Blogs: On Your Market / Colored Stones

What’s The Deal With Sardonyx?


I’d like to talk about a gemstone I know absolutely nothing about. Or at least I didn’t, until I set out to write this and did a little digging to learn more. That stone is one of August’s birthstones: sardonyx.

Arguably, sardonyx is the birthstone of August. With a history that dates back more than 4,000 years, it’s the original birthstone of the month—though you wouldn’t know it, given how much attention peridot and spinel are given.

I visited my favorite website for learning about gemstones—GIA, naturally—to discover a bit more about this ancient gem, and though I definitely came away with some cool facts, I still feel a bit mystified by it—presumably because it’s simply not a stone I see all that often.

Sardonyx is like a layer cake of two types of chalcedony: sard and onyx. That’s where it gets those cool stripes; they’re an alternating pattern of the two stones, one—onyx—very well-known, and the other—sard—well, less so. So there’s another rabbit hole to fall down: What is sard? Simple enough—a translucent chalcedony in an orangish, reddish, brownish hue.

Sardonyx, in a word, is cool. It’s got this laid-back desert vibe that feels so peaceful and low-maintenance. It’s beautiful to look at, though, as I understand it, not particularly valuable, which might explain its lack of popularity.

Still, why don’t more jewelers use it? And furthermore, why haven’t more people heard of it? Even some of the most experienced gemstone designers I spoke to were hazy on the gem, so presumably most consumers have no clue about it.

I put out a call for designers and brands to send me their sardonyx jewelry creations. And guess what I got? Nada. Zilch. Zip.

So I did a little searching of my own and came across Emily Marquis, a jewelry designer based in Stonington, Conn., who also runs a jewelry academy in the area. She had the most beautiful sardonyx scarab necklace, one of the finest examples of the gem I’ve seen in my searches (and also amazing because it features scarabs). She was kind enough to talk with me a little bit about the gemstone, lending me further knowledge in my quest for more about it.

JCK: How often do you design with sardonyx? What do you like about the stone?

Emily Marquis: The sardonyx stone for me brings levels of symbolism. A stone of strength and protection, courage and happiness, communication and stability. After I had finished this [scarab necklace] and did a little research, those all felt very true to the journey I’d been on while designing and fabricating this piece. I was initially attracted to the orange and white bands when I had first discovered these vintage scarabs three years ago, and it took me all three years to collect this graduated set, each from a separate costume scarab bracelet or brooch from the 1920s to the 1970s. Opposed to the other shades of sardonyx and the banded agates (natural and dyed), the orange struck me: There’s a bold and regal bit about it, as well as a known commonness to the fact that it’s found in the earth that way. It was very popularly used for cameos, but the bands were not showcased.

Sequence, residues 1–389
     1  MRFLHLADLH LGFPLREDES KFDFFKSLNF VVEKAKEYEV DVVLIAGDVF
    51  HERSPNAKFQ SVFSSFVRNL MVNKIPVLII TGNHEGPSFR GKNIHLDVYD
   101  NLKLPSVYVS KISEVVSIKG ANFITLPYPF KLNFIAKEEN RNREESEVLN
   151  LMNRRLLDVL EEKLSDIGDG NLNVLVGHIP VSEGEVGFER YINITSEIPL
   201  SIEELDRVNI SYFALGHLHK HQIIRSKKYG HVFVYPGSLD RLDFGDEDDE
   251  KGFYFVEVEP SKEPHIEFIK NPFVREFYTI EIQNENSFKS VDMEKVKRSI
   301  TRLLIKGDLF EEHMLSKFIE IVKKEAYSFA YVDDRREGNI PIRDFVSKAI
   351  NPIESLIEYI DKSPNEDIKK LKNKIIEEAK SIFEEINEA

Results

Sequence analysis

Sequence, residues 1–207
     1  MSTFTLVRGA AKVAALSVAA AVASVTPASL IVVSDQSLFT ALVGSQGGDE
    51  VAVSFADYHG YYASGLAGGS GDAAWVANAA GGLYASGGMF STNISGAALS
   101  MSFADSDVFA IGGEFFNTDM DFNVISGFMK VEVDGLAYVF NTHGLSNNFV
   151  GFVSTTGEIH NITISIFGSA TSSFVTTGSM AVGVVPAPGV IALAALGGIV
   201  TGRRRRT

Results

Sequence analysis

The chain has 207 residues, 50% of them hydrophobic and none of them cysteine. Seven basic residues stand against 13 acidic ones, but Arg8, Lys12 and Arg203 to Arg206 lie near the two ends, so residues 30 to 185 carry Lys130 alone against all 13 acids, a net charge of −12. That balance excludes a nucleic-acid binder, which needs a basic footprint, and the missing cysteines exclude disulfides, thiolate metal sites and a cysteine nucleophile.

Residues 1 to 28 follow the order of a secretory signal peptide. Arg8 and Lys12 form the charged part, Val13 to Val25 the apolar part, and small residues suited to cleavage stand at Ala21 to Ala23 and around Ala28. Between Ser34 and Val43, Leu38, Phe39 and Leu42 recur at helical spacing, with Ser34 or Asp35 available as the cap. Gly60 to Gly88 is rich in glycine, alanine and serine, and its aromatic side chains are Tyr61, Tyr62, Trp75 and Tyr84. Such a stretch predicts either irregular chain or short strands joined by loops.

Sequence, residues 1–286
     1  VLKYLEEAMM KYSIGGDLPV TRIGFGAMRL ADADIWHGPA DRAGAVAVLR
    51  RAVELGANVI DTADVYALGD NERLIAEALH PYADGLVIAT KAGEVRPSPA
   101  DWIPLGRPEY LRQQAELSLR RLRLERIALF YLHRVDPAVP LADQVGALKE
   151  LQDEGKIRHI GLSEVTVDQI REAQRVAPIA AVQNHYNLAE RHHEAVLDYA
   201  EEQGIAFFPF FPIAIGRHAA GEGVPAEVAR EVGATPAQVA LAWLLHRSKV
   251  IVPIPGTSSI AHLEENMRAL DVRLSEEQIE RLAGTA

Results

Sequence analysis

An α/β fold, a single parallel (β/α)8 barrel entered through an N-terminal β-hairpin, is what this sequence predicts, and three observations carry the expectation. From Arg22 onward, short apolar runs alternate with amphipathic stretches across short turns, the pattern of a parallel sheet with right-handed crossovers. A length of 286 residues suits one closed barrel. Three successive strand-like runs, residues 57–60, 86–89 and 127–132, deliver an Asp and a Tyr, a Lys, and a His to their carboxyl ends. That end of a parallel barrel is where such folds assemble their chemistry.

Despite it being an official birthstone for August, it’s not one seen too often! Any thoughts as to why more jewelers don’t work with the gem?

We see a large amount of banded agate in antique Scottish jewelry (1700s–1900s), then it pops up again in global—France, Britain, U.S., Japan—vintage costume jewelry (1920–1970s), and we’re starting to see it again globally online. I’m sure something to do with the “rarity” of the stone is that opaque stones, especially banded agates, are akin to river rock and less luxurious than your precious stones or translucent faceted stones. But I think there is a bit of a timely cottage-core thing happening right now where these stones pop back into fashion: People getting back to their roots. We saw that with the noble Georgians fantasizing about being farmers, we see it with the beginnings of Renaissance fairs and heritage festivals in the 1950s to 1970s, and we’re seeing it again through Instagram and the mass evacuations from cities to the countryside.

Any other rare (or lesser-known) stones you enjoy working with?
I really enjoy using the lavender and periwinkle hues of chalcedony, inclusionless rock crystal, unusually banded or multicolored tourmalines, gray and purple spinel, and Washington nephrite jade. While I wouldn’t call them rare, they are less common, and I find myself needing to do a lot of education on them compared to other stones like sapphire, amethyst, ruby, and peridot. Much of our work lately has been seeking smaller stonecutters, transparent operation (mine-to-bench) gem dealers, vintage or reclaimed stones from old settings.

So, while it sounds like we won’t be seeing too many sardonyx jewels—particularly in fine jewelry—it’s always fun to learn new things, and I look forward to the next gemstone that stumps me (surely there will be many).

Top: Rivière necklace in 18k yellow gold with 26 vintage sardonyx scarab cabochons, $25,000; Emily Marquis Designs

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By: Brittany Siminitz

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